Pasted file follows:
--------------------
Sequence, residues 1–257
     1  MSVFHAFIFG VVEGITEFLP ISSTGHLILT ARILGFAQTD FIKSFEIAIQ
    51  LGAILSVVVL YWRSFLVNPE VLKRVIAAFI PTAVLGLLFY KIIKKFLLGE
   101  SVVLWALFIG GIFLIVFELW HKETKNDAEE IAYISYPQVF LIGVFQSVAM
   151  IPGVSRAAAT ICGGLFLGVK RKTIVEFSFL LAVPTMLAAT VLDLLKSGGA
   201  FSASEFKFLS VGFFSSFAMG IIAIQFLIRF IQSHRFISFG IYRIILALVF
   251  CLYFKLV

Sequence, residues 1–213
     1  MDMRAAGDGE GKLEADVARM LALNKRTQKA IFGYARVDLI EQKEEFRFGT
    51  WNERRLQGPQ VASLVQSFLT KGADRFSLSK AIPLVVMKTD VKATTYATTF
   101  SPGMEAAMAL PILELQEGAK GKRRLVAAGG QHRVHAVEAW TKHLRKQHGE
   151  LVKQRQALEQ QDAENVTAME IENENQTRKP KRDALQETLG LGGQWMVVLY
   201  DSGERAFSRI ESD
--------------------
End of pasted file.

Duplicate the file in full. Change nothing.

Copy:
Sequence, residues 1–257
     1  MSVFHAFIFG VVEGITEFLP ISSTGHLILT ARILGFAQTD FIKSFEIAIQ
    51  LGAILSVVVL YWRSFLVNPE VLKRVIAAFI PTAVLGLLFY KIIKKFLLGE
   101  SVVLWALFIG GIFLIVFELW HKETKNDAEE IAYISYPQVF LIGVFQSVAM
   151  IPGVSRAAAT ICGGLFLGVK RKTIVEFSFL LAVPTMLAAT VLDLLKSGGA
   201  FSASEFKFLS VGFFSSFAMG IIAIQFLIRF IQSHRFISFG IYRIILALVF
   251  CLYFKLV

Sequence, residues 1–213
     1  MDMRAAGDGE GKLEADVARM LALNKRTQKA IFGYARVDLI EQKEEFRFGT
    51  WNERRLQGPQ VASLVQSFLT KGADRFSLSK AIPLVVMKTD VKATTYATTF
   101  SPGMEAAMAL PILELQEGAK GKRRLVAAGG QHRVHAVEAW TKHLRKQHGE
   151  LVKQRQALEQ QDAENVTAME IENENQTRKP KRDALQETLG LGGQWMVVLY
   201  DSGERAFSRI ESD